From 1961 through 1976, Kahn writes that Impulse! "wore its signature colors proudly and raised its exclamation point high, producing albums with hinged, brightly hued covers that opened wide . . . ." According to John Sinclair, jazz promoter and "political gadfly" from the sixties, "[t]hose gatefolds were a wonderful development because they served as a deluxe rolling tray to manicure your marijuana. The best Impulses had the most seeds stuck in the middle." Again, the iconic subject. If you collected your old LPs, you know about those black and orange album covers with "IMPULSE!" on the spine, following the title. After the first chapter, you will probably check to see how many you have left.
Beyond the works, though, the book imparts much of jazz recording history. Impulse was part of the ABC-Paramount Record Corporation. Its creator, its first jazz producer, was Creed Taylor, who affixed his signature to his LP albums. He produced the classic Genius + Soul = Jazz, a Ray Charles album, Out of the Cool, a Gil Evans work, and Oliver Nelson's The Blues and the Abstract Truth. The only Coltrane record he produced was Africa/Brass, and it is a classic. Then Bob Thiele took over. With Thiele, the partnership with John Coltrane began in earnest. According to Kahn, Coltrane was instrumental in the success of Thiele at Impulse because he introduced Thiele to the "new" music and consequently many other cutting edge musicians.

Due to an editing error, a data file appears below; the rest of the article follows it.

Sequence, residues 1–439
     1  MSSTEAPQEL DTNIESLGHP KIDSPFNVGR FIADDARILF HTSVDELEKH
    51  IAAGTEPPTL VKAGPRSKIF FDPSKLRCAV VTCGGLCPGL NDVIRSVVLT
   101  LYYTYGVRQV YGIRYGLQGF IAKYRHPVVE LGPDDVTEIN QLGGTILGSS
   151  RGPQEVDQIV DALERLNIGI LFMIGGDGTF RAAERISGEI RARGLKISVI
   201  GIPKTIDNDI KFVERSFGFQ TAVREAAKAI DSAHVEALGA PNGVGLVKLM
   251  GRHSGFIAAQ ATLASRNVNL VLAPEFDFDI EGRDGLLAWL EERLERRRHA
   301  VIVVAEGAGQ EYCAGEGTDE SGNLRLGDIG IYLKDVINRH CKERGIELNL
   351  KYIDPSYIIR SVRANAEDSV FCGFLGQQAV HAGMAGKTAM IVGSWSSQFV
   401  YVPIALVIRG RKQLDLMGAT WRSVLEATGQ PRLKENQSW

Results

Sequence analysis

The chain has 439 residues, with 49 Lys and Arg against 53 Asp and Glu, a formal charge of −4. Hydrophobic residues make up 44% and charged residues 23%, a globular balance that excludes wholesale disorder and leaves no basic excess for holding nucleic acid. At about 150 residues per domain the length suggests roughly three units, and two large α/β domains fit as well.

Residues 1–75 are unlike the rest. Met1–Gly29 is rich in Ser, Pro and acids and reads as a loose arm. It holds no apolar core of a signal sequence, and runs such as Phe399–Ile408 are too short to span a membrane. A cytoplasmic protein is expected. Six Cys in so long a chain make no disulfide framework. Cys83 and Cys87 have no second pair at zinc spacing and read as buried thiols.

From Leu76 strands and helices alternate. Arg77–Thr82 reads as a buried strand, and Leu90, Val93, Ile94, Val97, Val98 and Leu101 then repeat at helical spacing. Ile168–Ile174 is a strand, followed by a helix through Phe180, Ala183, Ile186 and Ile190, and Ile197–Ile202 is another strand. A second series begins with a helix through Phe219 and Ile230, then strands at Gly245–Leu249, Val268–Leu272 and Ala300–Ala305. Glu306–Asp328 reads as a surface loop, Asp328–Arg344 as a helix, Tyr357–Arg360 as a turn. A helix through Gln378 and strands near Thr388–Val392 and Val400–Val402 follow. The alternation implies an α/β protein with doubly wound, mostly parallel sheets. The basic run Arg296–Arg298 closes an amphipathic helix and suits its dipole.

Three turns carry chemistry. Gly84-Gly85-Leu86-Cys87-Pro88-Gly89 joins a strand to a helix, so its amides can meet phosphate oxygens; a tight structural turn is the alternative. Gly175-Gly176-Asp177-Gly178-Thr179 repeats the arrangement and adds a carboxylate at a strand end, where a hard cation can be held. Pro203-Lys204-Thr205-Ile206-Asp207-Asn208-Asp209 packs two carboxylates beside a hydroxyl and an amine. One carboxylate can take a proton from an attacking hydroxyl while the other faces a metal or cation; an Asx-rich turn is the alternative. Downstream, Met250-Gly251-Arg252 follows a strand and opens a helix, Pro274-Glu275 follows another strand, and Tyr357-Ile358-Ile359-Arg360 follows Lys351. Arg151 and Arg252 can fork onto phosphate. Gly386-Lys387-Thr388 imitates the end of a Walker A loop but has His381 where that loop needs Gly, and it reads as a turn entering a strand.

Coltrane's experiences with Impulse were widely known, and, unlike some of the experiences of older musicians with other record companies, they were not exploitative. With his lawyer, he worked out the kind of deal that was rarely extended to jazz musicians. Moreover, Thiele worked closely with Coltrane to make things happen, to give him the space to create. He was Coltrane's advocate or champion throughout the remainder of his career. Musician signed on with Thiele because of his work with Coltrane and his reputation for production excellence. Some musicians differed on the degree of his influence, for instance Freddie Hubbard felt free to create on The Artistry of Freddie Hubbard but Curtis Fuller, whom he disagreed with on Soul Trombone and the Jazz Clan, felt pressured on some selections. For sure, the hard core of Impulse jazz can be attributed to Thiele's work.